Review by Choice Review
Gregory (writer and researcher for a British film company) has compiled this biographical guide to soul personalities, primarily performers but also producers, label owners, and writers. Although he defines soul in a broad sense (excluding rap and hip hop but including such names as Van Morrison, Robert Palmer, and Delbert McClinton), Gregory stays essentially true to covering those whose music and style reflect a blend of rhythm and blues and gospel. The more than 600 alphabetically arranged entries include brief biographical sketches (averaging 300-500 words) that include songs that made the charts (with UK and US top listings and date), and selective discographies. Irwin Stambler's Encyclopedia of Pop, Rock, and Soul (rev. ed., 1989; 1st ed., CH, May'75) lists 120 figures in common with Gregory (the major names one would expect, including Marvin Gaye, James Brown, Al Green, and Sam Cooke) with longer entries. Gregory's work suffers from typos, comma splices, run-ons, and other evidence of sloppy editing e.g., "Pittsburg, Philadelphia" for "Pittsburgh, Pennsylvania" (p. 60) but he does provide basic biographical information on a number of lesser-known soul music figures and groups, e.g., Al Bell (head of promotion at Stax), Chairmen of the Board, and Teddy Riley. Stambler does not cover songwriters; Gregory lists Holland and Dozier as well as Goffen and King. This work will prove a useful starting point for those interested in pursuing the personalities of this very influential aspect of popular music. R. A. Aken; University of Kentucky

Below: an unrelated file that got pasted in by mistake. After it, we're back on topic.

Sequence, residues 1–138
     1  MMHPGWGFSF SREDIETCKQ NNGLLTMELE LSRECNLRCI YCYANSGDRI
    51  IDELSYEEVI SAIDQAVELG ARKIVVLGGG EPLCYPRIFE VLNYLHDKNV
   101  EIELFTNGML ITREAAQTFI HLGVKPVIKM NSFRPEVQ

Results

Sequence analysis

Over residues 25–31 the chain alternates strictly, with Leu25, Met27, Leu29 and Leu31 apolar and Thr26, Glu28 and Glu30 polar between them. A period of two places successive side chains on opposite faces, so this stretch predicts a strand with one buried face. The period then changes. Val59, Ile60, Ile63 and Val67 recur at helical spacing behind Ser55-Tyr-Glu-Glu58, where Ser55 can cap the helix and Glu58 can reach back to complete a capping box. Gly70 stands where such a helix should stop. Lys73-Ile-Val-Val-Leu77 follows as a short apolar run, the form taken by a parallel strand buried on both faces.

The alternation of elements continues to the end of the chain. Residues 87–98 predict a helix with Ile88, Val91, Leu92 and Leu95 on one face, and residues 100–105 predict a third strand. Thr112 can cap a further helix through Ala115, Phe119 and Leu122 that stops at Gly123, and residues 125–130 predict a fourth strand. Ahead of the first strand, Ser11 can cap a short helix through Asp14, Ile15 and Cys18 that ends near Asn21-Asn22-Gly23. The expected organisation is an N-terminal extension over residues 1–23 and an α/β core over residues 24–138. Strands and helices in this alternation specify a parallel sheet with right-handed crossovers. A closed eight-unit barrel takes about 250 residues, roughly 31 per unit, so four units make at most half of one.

Copyright American Library Association, used with permission.
Review by Booklist Review
British writer Gregory has compiled this biographical dictionary of almost 600 soul performers, songwriters, and producers. Entries run the gamut of soul's history. Producers from pioneer Ahmet Ertegun to today's Jimmy Jam and Terry Lewis are included. Performers also span time from Sam Cooke and his predecessors to new groups like the Fine Young Cannibals. In his introduction, Gregory acknowledges the difficulty in classifying soul singers. This problem is most obvious with contemporary performers and means that some "blue-eyed" soul singers like Michael Bolton have been omitted and rappers like L L Cool J included. The biographical sketches focus on musical careers and associations with other artists. Entries include the year and place of birth, career background, and hit singles, with both U.S. and U.K. charting and year. For some performers there are brief discographies of albums likely to be available. Profiles range in length from one column to 11/2 pages. Two inserts of black-and-white photographs spotlight big-name performers like Aretha Franklin, Ike and Tina Turner, and Mariah Carey. See and bold-face see also references are used throughout the book, which has no index. A brief bibliography is appended. Many of the big-name contemporary performers will be found in works like The Penguin Encyclopedia of Popular Music and The Encyclopedia of Pop, Rock and Soul. As with so many genres of popular music, it is the early performers who sometimes fall between the cracks. Those libraries with a demand for information on early performers like Little Willie John will certainly want to consider Soul Music A-Z as an inexpensive addition to their music collection. (Reviewed Sept. 1, 1992)
From Booklist, Copyright (c) American Library Association. Used with permission.